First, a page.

Today, let’s continue this week’s focus on our mental health. Unlike physical health, we tend to think mental health is for other people, not us. We’re not unhealthy mentally. Or so we think (even though we give it hardly any considerations). We don’t always take care of ourselves like we should.
Few topics get as much attention as happiness. Seems everybody is chasing it. You’d think all this pursuit would enable more of us to figure out how to achieve it. I know why it’s so elusive.
We’re chasing the wrong thing.
“Don’t worry, be happy” was not just a monotonous song, but it’s empty advice. Like telling the obese person to “be thin.” Or the poor to “be rich.”
Funny thing is the more society focuses on chasing happiness the more elusive it seems to be. We only seem to be elevating our anxiety over our failure to reach the goal. What if happiness isn’t to blame? What if we’re looking at the wrong goal?
Don’t you want to be happy? Of course. Everybody wants to be happy. And we experience happiness at moments of our life. There’s the rub. Moments.
That’s what happiness is. It’s a moment. Chasing a moment is like trying to bottle a sensation. You feel it, then it’s gone. Wonderful while it lasted, but temporary. Not sustainable.
Addiction is fueled by such sensations. It’s destructive. Largely because it’s unrealistic and fake masking reality that needs to be faced.
Does this mean chasing happiness isn’t worthwhile? Of course not. But it may mean that devoting ourselves to our own happiness may set us up for failure and selfishness. You’re not likely looking at it that way though.
A problem with personal happiness is the imposition it can put on others. But it depends on how you more deeply define happiness. Many people view happiness as doing what they most want to do.
We’re in the car heading for some restaurant. Nobody quite knows where…yet. “Where would you like to go?” I’m asked. Not having any preference I submit, “I don’t care. You decide.” I mean it.
Somebody picks a place I’m not terribly fond of. My preference would have been elsewhere. But am I now unhappy? No, not really.
We’re seated and folks decide to buy appetizers. “What would you like?” I’m asked. Again, I don’t have a strong preference. “Whatever you guys want would be fine!” They order some type of dip that wouldn’t have made my top 10 list of favorite appetizers. Am I unhappy? No, not really.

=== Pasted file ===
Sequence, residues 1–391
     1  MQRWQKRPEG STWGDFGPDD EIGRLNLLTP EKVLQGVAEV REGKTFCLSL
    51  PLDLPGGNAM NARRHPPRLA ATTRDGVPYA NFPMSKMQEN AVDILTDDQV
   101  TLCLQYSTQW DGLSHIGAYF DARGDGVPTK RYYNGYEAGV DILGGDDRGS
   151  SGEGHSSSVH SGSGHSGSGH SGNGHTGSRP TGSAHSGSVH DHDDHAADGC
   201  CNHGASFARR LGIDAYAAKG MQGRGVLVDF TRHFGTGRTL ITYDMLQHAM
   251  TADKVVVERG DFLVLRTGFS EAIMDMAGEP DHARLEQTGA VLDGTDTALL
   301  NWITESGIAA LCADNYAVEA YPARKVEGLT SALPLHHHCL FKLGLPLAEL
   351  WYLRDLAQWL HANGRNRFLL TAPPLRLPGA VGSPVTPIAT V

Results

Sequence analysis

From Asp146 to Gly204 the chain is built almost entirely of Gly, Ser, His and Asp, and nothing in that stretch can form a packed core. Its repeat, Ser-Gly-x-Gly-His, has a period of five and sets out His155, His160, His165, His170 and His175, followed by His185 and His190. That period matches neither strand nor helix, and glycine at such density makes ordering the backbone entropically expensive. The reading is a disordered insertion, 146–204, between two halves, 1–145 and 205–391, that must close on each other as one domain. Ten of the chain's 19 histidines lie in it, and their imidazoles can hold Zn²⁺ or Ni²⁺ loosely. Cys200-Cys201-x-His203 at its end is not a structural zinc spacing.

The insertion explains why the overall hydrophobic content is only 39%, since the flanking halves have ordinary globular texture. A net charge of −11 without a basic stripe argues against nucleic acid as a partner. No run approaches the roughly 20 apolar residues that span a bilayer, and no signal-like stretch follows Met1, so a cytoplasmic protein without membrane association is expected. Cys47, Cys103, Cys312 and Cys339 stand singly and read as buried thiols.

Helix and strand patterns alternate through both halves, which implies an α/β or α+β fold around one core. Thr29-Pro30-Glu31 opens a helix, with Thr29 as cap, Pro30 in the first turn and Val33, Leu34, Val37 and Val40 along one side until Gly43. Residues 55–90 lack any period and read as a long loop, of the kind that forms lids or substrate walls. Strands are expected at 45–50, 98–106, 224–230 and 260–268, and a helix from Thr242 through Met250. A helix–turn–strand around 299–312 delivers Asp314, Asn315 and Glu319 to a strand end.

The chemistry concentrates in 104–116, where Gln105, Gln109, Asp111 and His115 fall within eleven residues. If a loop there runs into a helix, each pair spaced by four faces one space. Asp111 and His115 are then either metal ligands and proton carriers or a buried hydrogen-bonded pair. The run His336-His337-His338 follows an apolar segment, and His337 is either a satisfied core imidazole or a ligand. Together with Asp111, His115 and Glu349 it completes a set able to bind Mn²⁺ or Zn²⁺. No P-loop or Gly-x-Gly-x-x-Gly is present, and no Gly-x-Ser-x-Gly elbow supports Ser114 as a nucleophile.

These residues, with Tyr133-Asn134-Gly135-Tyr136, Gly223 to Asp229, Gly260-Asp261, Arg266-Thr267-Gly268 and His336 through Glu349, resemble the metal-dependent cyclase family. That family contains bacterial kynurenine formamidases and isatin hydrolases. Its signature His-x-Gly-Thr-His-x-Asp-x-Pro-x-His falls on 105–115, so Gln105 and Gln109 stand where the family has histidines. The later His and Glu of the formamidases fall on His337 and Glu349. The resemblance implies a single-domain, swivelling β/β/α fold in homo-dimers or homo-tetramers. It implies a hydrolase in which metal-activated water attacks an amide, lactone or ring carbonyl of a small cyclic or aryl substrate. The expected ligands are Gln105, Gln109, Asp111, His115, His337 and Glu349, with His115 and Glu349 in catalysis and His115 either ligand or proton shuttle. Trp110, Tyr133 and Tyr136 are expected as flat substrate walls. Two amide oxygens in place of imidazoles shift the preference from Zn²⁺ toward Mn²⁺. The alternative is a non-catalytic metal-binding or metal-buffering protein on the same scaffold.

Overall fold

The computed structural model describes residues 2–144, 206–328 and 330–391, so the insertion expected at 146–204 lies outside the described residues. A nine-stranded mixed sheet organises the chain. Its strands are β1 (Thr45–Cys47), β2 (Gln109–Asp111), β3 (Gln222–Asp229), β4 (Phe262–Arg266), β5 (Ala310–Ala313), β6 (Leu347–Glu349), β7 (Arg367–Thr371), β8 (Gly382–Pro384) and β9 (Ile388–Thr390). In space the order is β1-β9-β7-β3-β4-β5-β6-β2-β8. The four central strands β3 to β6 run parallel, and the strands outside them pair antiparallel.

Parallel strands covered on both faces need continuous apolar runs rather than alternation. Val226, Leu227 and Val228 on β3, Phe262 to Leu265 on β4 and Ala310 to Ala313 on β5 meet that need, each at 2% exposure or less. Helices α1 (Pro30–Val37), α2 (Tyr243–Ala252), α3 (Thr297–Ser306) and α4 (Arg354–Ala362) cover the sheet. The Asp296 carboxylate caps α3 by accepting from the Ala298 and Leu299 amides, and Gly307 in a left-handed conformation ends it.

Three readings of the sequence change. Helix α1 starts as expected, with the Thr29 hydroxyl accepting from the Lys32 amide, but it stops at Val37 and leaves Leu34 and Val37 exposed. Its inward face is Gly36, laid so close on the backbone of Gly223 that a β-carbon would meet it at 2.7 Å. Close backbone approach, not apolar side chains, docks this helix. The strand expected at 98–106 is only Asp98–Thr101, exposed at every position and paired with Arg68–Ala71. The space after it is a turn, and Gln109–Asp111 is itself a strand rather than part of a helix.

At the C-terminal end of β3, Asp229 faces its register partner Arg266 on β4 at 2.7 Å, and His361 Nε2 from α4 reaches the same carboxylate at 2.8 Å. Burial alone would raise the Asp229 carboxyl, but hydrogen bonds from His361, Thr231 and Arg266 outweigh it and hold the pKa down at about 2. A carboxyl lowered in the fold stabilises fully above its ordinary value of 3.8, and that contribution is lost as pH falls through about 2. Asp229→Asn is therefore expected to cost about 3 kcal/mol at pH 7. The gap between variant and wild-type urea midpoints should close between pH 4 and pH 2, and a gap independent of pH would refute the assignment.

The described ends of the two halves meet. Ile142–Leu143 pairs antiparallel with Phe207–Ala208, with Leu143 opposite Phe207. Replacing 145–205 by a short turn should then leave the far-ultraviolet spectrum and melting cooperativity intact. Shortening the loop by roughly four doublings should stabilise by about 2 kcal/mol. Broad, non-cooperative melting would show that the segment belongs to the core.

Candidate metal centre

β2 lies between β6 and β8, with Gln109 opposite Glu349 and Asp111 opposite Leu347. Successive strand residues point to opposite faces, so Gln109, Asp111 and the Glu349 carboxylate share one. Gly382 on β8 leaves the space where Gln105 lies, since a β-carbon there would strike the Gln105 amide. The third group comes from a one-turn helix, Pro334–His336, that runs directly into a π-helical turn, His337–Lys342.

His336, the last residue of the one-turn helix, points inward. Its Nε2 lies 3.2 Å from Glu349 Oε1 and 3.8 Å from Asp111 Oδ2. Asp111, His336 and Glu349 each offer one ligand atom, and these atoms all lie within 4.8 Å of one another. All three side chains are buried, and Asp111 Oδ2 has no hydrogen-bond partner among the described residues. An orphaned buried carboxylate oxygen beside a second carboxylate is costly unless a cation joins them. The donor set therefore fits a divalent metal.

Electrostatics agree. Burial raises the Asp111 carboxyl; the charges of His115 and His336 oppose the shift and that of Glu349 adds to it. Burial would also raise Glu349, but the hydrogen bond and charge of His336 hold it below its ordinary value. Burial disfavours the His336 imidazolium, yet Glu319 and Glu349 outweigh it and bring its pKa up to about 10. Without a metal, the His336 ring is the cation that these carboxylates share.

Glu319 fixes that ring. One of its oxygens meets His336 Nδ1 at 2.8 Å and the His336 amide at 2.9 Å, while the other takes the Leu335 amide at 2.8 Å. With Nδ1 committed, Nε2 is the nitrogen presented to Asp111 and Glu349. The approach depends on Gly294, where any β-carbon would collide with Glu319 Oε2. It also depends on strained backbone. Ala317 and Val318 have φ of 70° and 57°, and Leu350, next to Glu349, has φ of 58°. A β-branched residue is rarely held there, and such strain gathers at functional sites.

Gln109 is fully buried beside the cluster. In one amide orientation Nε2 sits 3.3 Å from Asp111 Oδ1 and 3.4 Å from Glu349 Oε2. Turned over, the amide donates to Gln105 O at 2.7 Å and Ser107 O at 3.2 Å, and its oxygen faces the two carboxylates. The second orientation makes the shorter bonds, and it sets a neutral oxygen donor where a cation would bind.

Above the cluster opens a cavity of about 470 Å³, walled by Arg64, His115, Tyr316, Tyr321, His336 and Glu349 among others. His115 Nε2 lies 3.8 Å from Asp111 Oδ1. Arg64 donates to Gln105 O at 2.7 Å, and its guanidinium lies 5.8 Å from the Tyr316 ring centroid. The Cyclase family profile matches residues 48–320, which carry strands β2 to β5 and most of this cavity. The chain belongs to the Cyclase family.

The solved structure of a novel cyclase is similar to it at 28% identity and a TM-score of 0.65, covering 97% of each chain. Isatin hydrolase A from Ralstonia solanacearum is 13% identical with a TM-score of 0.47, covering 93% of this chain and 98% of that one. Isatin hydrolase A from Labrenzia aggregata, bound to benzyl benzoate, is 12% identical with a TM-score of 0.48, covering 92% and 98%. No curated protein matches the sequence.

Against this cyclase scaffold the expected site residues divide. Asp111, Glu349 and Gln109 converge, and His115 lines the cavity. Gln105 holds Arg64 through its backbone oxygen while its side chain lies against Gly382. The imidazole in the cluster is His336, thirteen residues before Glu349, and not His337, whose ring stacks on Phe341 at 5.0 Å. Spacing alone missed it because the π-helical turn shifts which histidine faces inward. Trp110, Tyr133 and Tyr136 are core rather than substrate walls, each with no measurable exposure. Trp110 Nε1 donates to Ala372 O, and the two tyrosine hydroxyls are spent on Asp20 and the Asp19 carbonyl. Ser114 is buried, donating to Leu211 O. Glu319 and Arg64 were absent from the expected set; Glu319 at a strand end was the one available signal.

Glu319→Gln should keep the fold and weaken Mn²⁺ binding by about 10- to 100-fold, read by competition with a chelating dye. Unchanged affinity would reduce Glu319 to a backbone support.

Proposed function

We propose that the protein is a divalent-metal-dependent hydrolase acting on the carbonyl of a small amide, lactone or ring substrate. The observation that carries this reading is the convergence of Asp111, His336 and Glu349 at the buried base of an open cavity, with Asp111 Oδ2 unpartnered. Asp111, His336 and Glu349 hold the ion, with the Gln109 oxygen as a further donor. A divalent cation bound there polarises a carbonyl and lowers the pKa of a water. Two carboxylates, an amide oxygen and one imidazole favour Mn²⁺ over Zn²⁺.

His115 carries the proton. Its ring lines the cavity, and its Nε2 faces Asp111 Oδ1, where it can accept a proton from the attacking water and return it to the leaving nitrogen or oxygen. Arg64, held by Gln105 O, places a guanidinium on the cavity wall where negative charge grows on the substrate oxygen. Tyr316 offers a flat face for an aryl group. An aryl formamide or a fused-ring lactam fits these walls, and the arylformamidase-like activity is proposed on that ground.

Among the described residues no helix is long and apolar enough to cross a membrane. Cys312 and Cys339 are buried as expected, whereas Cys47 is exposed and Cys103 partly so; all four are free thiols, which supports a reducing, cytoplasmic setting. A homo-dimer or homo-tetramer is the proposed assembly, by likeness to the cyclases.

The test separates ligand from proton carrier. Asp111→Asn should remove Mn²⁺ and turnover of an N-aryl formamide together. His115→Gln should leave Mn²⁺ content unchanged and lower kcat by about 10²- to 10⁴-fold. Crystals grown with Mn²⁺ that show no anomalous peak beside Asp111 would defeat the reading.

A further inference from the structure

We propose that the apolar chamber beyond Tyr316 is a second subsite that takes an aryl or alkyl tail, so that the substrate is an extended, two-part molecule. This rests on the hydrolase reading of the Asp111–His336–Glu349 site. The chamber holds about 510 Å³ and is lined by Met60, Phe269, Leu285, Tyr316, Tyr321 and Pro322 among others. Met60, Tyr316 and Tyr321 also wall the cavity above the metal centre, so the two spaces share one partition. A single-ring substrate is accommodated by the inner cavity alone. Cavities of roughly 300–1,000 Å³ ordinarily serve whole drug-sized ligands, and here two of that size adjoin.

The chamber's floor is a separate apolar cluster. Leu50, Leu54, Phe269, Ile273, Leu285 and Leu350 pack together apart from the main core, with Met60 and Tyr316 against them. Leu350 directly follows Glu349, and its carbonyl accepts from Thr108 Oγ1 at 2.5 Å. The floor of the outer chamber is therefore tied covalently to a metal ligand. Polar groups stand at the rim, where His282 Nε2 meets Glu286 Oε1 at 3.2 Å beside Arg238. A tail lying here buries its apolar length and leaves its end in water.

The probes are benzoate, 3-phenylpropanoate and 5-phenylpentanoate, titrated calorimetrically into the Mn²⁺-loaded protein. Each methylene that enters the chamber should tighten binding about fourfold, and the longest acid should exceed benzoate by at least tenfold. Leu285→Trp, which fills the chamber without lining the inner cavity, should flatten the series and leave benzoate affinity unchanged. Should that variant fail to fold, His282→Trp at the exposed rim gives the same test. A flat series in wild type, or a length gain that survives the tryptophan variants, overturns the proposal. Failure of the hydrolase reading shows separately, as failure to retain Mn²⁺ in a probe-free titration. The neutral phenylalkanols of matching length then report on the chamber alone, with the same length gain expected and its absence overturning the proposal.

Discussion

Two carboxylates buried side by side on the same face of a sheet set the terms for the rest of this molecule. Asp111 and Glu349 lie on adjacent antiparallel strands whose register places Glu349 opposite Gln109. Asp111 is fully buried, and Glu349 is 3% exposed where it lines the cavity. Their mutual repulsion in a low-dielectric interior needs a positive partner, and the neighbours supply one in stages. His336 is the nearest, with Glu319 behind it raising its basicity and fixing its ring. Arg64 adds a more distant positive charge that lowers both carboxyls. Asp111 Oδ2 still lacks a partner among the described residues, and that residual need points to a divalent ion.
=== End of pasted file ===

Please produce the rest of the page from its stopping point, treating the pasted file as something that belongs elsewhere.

Because while I have a personal preference, I don’t care about it enough to impose on others. It just doesn’t matter that much to me. And I can say I’m honestly happy that these other folks got what they most wanted at the time. That’s a happiness I’m opting for over being able to eat what I may prefer.
Yes, it’s a small thing, but I’ve seen grown adults pitch a wide-eyed fit over lesser things. In fact, I’ve seen adults behave poorly in restaurants when they didn’t get their way. Their happiness trumped everything else. Colossally selfish.
I’m all in favor of pursuing happiness. I’m just encouraging you to rethink how you may view your personal happiness. Does your happiness involve helping others get their way – achieve their preferences – or does it always revolve around you getting what YOU want? There’s nothing noble about the latter.
Translate that to the happiness that may be evading you at work. If you find yourself less than happy – discontent even – then I’d urge you to reconsider some things. Namely, I’d urge you to think about how you lead and serve others.
The path forward in building a more successful business is your ability to help other people get what they most want. This isn’t limited to your customers. It includes your employees or team members. How determined are you in helping them get what they most want? Your answer can determine your self-satisfaction and happiness.
That’s why happiness as a goal is complicated. It depends on how you define happiness and how you view your service to others.
I hate the term servant leadership because it presupposes there’s another valid kind. It’s redundant. True leadership is serving others. It’s not about you. It’s about the people you lead.
Toward that end, I think happiness should be a goal when leaders derive pleasure from helping others achieve what they most want. Honestly, I think a better term for us to pursue as leaders is JOY. Joy is more lasting, deeper.
While I may say letting others decide where to eat makes me happy, that’s not entirely true. What is true is that it gives me joy. It makes me feel good knowing that I prefer others get to go where they’d like to go. No, it doesn’t make me noble or self-sacrificing. Not really. It just means I’m perfectly willing and happy to surrender what might suit me personally so others can be more suited to their preference.
You’re either approaching your life and work as though you’re the center of the universe, or you’re approaching it as though others are. That viewpoint will determine whether happiness is a suitable and honorable goal.
Find happiness in doing for others what only you can do. Your superpower as a leader is your willingness to help them in ways that may be unique to only you. Find happiness in doing that work!
Be well. Do good. Grow great.